Students on the BA Hons Teaching, Learning & Child Development programme are introduced to assessment protocols and practices in a series of seminars at the beginning of Year 1. After the first assessment point in semester 1 each PAT meets with their group of 10 tutees to reflect on the feedback / feed-forward received for the first piece of summatively assessed work. The PATs use the GROW model of coaching with the students to unpick the assessment feed-forward and to target set for future work.
What was the impact?
Students left the group tutorial feeling they understood how to interpret tutor feed-forward comments and how to action plan. Action planning is shared with the PAT and students had a clear understanding of how to track their own academic progress using the Progress and Development Profile
For further information please contact
Gillian Pye, Programme Leader BA Hons Teaching Learning & Child Development
Between first week and reading week the students engage with work which extends that which they started pre-course and during First Week. These sessions include input from Learning Services on accessing information and Assistive Technologies. The course team (Programme Leader & Course Leader) deliver these sessions covering active reading techniques, how to get the most out of your lectures, Harvard referencing, and the assessment protocols and practices on the programme.
What is the likely impact?
Students comment that these sessions really help give them a grounding in some of the key skills they need to develop and as these sessions run simultaneously with their first module they utilise the skills in between taught sessions to get a feel for what works best for them. The programme team is looking to build on this and develop a HE Study Skills module across both semesters in Year 1.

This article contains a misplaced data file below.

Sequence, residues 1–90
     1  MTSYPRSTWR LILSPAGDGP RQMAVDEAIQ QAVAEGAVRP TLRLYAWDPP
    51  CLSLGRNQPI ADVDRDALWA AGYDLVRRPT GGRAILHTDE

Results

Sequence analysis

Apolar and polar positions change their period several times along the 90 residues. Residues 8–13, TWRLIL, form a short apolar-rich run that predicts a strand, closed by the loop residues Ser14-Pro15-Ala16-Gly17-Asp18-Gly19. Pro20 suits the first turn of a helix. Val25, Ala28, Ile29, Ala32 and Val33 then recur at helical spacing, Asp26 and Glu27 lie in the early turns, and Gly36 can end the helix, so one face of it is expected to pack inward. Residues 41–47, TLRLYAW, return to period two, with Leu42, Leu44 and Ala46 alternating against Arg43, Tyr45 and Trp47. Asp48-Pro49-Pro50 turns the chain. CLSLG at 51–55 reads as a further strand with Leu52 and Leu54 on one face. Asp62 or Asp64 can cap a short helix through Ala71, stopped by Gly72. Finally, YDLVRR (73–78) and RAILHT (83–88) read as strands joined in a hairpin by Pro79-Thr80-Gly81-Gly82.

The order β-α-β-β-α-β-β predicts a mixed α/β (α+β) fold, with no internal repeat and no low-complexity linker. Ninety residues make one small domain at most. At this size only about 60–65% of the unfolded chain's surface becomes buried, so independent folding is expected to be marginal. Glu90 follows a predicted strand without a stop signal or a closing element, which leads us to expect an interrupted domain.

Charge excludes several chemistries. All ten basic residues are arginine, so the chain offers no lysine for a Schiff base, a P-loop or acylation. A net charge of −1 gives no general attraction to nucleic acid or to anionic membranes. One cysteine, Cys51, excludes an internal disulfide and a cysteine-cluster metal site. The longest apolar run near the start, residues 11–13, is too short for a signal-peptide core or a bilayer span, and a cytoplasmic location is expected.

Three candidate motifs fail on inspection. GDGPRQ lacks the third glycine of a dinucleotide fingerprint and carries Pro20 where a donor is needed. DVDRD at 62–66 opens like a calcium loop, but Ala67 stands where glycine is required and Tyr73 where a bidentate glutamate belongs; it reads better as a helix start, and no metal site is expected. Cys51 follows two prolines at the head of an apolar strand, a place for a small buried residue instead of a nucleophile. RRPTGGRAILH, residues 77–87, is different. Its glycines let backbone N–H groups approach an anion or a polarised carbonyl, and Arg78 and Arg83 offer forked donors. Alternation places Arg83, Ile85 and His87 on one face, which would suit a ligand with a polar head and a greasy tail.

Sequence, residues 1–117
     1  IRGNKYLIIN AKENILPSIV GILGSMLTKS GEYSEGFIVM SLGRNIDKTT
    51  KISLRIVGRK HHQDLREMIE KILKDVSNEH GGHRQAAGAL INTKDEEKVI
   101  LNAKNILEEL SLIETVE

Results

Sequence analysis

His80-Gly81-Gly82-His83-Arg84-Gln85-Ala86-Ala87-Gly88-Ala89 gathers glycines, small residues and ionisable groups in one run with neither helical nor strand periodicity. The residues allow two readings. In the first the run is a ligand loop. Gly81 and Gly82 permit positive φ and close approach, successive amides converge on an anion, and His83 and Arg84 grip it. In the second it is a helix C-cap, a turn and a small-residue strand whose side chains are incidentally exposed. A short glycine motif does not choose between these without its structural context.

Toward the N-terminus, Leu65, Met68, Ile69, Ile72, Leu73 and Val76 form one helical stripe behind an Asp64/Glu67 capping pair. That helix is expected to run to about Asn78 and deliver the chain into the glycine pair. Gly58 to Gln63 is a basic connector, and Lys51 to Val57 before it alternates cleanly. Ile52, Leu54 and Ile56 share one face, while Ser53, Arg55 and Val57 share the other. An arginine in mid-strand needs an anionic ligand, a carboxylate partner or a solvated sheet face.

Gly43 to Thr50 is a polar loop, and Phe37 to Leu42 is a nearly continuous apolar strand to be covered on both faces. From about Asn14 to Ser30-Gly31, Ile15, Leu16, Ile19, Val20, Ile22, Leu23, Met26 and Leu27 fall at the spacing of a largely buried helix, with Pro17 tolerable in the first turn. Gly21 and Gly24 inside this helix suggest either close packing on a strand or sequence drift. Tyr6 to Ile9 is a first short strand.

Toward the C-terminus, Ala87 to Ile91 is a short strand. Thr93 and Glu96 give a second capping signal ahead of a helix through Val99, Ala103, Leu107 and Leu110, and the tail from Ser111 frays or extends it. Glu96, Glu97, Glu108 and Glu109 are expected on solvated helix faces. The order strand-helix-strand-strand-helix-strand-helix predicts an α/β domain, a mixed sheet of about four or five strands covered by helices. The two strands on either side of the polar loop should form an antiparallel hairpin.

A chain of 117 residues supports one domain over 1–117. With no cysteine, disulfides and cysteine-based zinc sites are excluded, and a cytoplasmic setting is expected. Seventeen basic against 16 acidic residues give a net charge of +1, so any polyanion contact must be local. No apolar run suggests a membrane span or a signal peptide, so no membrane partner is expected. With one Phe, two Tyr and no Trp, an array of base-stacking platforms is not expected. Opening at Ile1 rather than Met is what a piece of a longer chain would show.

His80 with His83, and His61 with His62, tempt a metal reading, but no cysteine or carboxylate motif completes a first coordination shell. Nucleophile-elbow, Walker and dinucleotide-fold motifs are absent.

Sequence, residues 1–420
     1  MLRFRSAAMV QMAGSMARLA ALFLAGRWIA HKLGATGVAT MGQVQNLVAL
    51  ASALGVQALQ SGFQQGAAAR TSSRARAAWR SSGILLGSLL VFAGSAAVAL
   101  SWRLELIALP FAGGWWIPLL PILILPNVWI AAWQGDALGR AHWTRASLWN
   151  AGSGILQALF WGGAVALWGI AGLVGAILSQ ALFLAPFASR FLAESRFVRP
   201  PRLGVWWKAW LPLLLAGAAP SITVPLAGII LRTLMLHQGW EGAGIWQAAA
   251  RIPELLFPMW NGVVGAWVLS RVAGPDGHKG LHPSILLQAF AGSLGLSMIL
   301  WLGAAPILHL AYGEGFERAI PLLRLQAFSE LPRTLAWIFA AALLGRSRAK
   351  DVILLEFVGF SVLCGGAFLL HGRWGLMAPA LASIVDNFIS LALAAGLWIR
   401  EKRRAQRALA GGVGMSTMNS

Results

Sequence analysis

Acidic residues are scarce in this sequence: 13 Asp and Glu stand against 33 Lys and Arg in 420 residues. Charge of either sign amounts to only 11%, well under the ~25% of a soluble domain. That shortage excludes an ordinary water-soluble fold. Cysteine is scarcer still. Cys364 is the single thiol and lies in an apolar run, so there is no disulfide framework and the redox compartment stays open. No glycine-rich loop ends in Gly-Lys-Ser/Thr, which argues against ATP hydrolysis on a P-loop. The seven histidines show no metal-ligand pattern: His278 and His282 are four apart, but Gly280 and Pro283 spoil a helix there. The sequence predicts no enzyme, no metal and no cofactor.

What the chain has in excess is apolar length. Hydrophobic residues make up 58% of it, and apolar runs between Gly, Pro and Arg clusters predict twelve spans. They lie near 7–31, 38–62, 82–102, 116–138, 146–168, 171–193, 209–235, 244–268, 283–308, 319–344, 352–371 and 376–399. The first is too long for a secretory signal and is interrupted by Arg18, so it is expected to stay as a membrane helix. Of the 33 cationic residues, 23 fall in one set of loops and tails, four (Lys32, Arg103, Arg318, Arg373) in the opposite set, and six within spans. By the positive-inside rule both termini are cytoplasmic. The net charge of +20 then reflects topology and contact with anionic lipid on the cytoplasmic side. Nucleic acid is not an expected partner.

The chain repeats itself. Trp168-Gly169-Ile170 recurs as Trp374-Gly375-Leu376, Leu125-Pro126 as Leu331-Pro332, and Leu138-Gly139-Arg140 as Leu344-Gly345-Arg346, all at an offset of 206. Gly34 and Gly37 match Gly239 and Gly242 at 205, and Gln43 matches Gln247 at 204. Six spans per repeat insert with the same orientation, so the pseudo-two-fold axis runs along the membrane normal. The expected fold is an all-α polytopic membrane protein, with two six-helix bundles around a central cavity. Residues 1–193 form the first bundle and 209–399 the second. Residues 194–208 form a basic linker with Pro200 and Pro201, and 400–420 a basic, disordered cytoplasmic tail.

On Saturday the department held a wonderful event with mince pies and other festive refreshments in advance of the First Years first choreographic performance for their DAN1105 module, which included three group pieces made by the tutor and the students collaboratively.
This year mindful of induction and transitions, building on last years extremely successful ‘Festive Friday’ strategy the team took the opportunity to make a full piece about ‘Transitions’. The students and I went on a complete journey with the research and discussions surrounding the idea of the transitions we make in life, particularly from FE to HE. The piece was very well received by the audience and the marks for my group are particularly high for their process and performance. The work was also informed by the book The Alchemist by Paulo Coelho, which allowed for a narrative stimulus for the piece.
The team believe that this work would be really good to perform at a Transitions/Recruitment event and could be adapted for a variety of spaces, hence the team are exploring the potential of taking the performance to some of our local colleges, and also using the piece to work secondary schools, and also to further support recruitment during Subject Taster days.